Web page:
Metabolism of 3- and 4-phosphorylated phosphatidylinositols in stomatal guard cells of Commelina communis L.

Authors


*For correspondence (fax +44 1 223 333953).

Abstract

Within the plant kingdom the stomatal guard cell is presented as a model system of inositol 1,4,5-trisphosphate [Ins(1,4,5)P3]-mediated signal transduction. Despite this it is only recently that the phosphoinositide components of animal signal transduction pathways have been identified in stomatal guard cells. Interestingly, stomatal guard cells contain both 3- and 4-phosphorylated phosphatidylinositols though their relative contributions to signalling remain undefined. An appraisal of the routes of synthesis and rates of turnover of these phosphatidylinositols would appear timely as the in vivo biosynthesis of these components is a much neglected facet of the phosphoinositide-mediated signalling paradigm as purported to apply to plants.

A non-equilibrium [32P]Pi labelling strategy and enzymic and chemical dissection of labelled phosphatidylinositols have been used to address not only the route of synthesis but also the rates of turnover of phosphatidylinositols in stomatal guard cells of Commelina communis L.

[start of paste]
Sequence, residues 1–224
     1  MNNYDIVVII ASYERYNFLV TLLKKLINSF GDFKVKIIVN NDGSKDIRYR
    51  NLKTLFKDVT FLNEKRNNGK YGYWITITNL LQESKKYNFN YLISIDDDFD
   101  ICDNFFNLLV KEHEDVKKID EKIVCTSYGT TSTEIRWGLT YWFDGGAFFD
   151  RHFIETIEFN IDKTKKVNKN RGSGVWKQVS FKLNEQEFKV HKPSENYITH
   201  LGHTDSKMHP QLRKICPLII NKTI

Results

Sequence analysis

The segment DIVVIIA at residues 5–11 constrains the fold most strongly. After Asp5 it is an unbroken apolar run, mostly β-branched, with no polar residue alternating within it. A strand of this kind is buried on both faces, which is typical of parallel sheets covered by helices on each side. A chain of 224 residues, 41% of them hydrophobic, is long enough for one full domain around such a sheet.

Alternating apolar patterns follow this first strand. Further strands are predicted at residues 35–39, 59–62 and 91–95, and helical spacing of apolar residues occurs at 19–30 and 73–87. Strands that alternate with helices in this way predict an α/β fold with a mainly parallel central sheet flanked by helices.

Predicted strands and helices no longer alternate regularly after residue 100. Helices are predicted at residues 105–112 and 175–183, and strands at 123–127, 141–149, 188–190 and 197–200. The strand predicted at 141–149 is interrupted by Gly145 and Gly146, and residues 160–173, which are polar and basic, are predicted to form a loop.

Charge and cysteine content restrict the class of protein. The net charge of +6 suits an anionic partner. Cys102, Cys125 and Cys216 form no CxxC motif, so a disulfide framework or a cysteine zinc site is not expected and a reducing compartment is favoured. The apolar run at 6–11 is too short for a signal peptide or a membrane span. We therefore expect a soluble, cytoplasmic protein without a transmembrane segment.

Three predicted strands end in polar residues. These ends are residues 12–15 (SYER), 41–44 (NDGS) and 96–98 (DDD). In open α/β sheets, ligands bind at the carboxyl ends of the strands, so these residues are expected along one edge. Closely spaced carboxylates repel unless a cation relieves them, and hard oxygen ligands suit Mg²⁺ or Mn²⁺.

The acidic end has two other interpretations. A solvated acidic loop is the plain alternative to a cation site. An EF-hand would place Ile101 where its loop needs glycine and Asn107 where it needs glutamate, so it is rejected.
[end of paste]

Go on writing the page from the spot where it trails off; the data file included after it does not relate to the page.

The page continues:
The specific activity of the ATP pool of isolated guard cells was found to increase over a 4 h period when labelled from [32P]Pi. In separate experiments, isolated guard cells were labelled over a 40–240 min period, their lipids extracted, deacylated and resolved by HPLC. Glycerophosphoinositol phosphate (GroPInsP) and glycerophosphoinositol bisphosphate (GroPInsP2) peaks were desalted and enzymically cleaved with alkaline phosphatase and human erythrocyte ghosts, respectively. The monoester phosphate in phosphatidylinositol 4-monophosphate (PtdIns4P) accounted for 90–97% of the [32P]Pi label while the 4- and 5-monoester phosphates of phosphatidylinositol 4,5-bisphosphate [PtdIns(4,5)P2] accounted for typically 39% and 61% respectively. Therefore, the evidence is consistent with synthesis of PtdIns(4,5)P2 by successive 4- and 5-phosphorylation of phosphatidylinositol (PtdIns). This study therefore represents the first report of the pathway of the synthesis of 4- and 5-phosphorylated phosphatidylinositols in a single defined hormone-responsive plant cell type.

The monoester phosphate in phosphatidylinositol 3-monophosphate (PtdIns3P) accounted for 83–95% of the 32P label. It was not possible, however, to determine the route of synthesis of phosphatidylinositol 3,4-bisphosphate [PtdIns(3,4)P2] owing to the rapid attainment of equilibrium between the 3- and 4-monoester phosphates of PtdIns(3,4)P2, each containing approximately 50% of the label at just 40 min of labelling. Turnover of PtdIns3P was quicker than that of PtdIns4P. Similarly, turnover of PtdIns(3,4)P2 was quicker than that of PtdIns(4,5)P2, and in mass terms PtdIns(3,4)P2 appeared to predominate over PtdIns(4,5)P2. By analogy with animal systems, in which signalling molecules such as PtdIns(4,5)P2 show considerable basal turnover, the evidence presented is consistent with signalling roles for PtdIns3P and PtdIns(3,4)P2 in addition to those previously indicated for PtdIns(4,5)P2 in stomatal guard cells.

Ancillary